A few weeks ago, I was completely burnt out by the number of video chat sessions I had back to back. Given the requirement to socially distance at home, it’s been nice to build deeper connections. But I underestimated just how much I was able to handle. And quickly learned that I needed to cool it and set some boundaries.
You see, the difference is that with a video chat session you’re essentially inviting the person into your home. Your personal space. Unlike when we go out and meet up, we have the opportunity to go home and recharge afterward. We can anticipate getting together. We set a date, find a location, commute there, and can essentially juice up our social battery beforehand.
Video chats can sometimes be a little more spontaneous, go on for a lot longer than we intended, and require you to be 100% engaged. Now, there’s nothing wrong with connecting, especially during this time. But if you’re not someone who’s used to scheduling multiple get-togethers, on multiple days a week, back to back, then it may be time to scale back on the video chats, because Zoom Fatigue is very real.
According to Harvard Business Review, one of the most depleting aspects of video calls is that we have to engage in “constant gaze” and look directly at the camera for most of it. This can cause us to feel uncomfortable, and tired. And without the visual breaks we need to refocus, our brains experience fatigue.
Also, with everyone knowing we’re all “just at home” it can be tough to decline invitations. And you may say to yourself, you have nothing better to do. But you do, and that’s allowing yourself to rest. So, how do we reset those boundaries?
One of the reasons I haven’t gotten tired of my Friday virtual happy hour sessions is that we’ve planned it ahead of time. It’s something I anticipate, prepare for, and look forward to. We have it at the same time on the same day each week so I can mentally gear myself up for attendance.
Also, prior to COVID, my best friend Natalie, and I already had a running weekly face time catch-up session. We got tired of the runaround and cancellations and just picked a day, time, and stuck to it. Now, it’s second nature and I look forward to it.
Sporadic video calls in the middle of the day, or while you’re watching your favorite show can be annoying, and daunting. So, for those folks you do want to prioritize catching up with, make a plan.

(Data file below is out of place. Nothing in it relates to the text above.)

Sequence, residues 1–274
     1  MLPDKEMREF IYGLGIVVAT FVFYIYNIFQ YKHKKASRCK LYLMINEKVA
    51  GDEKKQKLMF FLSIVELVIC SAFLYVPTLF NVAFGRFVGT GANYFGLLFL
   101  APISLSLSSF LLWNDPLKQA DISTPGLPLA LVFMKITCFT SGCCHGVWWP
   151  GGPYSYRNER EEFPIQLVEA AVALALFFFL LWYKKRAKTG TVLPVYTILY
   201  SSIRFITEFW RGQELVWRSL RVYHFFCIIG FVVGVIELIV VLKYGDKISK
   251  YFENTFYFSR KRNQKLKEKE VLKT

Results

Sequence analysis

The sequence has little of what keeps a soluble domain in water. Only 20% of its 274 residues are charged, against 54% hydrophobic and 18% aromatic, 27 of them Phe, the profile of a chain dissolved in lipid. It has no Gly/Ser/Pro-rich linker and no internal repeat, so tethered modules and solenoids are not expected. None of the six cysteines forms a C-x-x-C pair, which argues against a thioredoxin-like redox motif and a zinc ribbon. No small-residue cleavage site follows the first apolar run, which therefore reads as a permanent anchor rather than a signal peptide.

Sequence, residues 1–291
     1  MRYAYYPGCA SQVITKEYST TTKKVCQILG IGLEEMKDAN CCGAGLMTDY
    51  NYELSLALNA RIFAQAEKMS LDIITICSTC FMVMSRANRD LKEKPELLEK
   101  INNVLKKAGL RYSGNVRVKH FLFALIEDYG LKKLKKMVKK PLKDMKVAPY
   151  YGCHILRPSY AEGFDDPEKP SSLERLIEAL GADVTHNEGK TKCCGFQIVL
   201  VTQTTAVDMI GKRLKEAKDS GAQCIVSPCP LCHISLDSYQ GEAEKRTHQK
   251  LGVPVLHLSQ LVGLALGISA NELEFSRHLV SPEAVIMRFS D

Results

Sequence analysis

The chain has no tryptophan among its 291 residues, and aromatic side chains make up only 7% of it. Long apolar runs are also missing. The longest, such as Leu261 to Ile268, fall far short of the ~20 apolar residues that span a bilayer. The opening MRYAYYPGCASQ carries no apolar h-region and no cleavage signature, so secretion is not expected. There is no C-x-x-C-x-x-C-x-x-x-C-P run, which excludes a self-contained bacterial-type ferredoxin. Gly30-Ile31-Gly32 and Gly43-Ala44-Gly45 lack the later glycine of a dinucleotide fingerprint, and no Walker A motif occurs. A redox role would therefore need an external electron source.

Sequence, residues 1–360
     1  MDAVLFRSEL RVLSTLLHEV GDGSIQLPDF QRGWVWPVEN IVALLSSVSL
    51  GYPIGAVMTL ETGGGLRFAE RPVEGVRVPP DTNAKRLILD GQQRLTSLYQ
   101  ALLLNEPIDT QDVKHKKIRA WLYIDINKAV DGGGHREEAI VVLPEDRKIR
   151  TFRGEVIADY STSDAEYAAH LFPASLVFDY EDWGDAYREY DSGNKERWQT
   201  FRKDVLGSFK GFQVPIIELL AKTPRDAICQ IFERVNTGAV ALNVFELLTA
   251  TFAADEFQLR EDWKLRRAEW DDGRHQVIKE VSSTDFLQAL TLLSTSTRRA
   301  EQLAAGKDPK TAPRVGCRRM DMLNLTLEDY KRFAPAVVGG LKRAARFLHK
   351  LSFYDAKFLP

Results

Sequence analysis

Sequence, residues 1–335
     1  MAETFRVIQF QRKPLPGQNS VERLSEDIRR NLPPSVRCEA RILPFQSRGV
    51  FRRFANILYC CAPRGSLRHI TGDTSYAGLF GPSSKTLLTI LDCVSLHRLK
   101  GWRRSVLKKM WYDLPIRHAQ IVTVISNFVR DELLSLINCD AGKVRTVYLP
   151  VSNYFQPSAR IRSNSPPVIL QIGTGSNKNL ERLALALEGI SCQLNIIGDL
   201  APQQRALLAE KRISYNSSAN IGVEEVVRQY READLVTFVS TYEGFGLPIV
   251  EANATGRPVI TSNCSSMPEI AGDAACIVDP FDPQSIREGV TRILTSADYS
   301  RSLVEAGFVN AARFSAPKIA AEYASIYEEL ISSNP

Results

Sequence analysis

Make it a group thing.
Another thing that makes our virtual happy hours more appealing is that there’s a group of us in attendance. With 6 people on, you can easily take mental breaks. Allow others to speak, step away, and use the restroom, look out the window, check your phone, grab some food, and so forth. You aren’t forced to be 100% engaged the entire time.
Also, this consolidates the number of video chats you’ll have to schedule if you catch up with multiple people at once.
Suggest another method of communication.
When it comes to work and Zoom Fatigue, that may be a little tougher to avoid. I get it, some of our bosses like to micromanage, and by being on a video chat they sometimes feel more in control of how you’re spending your day. But, if you can, it’s okay to suggest other methods of checking in.
Instead of scheduling multiple video meetings, see if they’re open to you sending comprehensive updates via e-mail, or a quick debrief over the phone. Your home is your sanctuary, and it’s important to be proactive about setting clear boundaries that essentially help you to be more productive.
Keep it short.
Know when to call it. If you find yourself or the other person racking your brains for things to talk about, just politely end the conversation. A lot of times because we’re staring directly at someone, we feel bad about cutting the conversation short. But the truth is, you should be building meaningful connections, not just staying on to show face. Literally and figuratively!
Allow yourself to accept that the conversation has run its course and get off the phone. There will always be another time to catch up again in the future.
If all else fails, the best response is a simple no. I’ve had to do it twice and although it may have been a little uncomfortable at the moment, I felt much better afterward.
A friend of mine asked about doing a virtual happy hour catch up, and at the time I had my usual happy hour, a video chat with another friend, two work-related video sessions, and my virtual therapy session that week. I had to decline and suggest we do it another week. I was open and honest with her about the fact that I was feeling a little burnt out from video chat sessions and would feel much better if we scheduled for another time. And she was completely okay with it.
On the other hand, a friend of mine face-timed me without giving any heads up in the middle of the day during the week. I saw it, but I didn’t answer because I was in the middle of working. I reached out to them later about it, but didn’t drop what I was doing to engage. It was important that I maintained those boundaries.
Your peace of mind is so, so important. And if you’d like to show up in the world as your most vibrant and engaged self, it’s necessary to prioritize recharging that battery. Give yourself permission to set boundaries.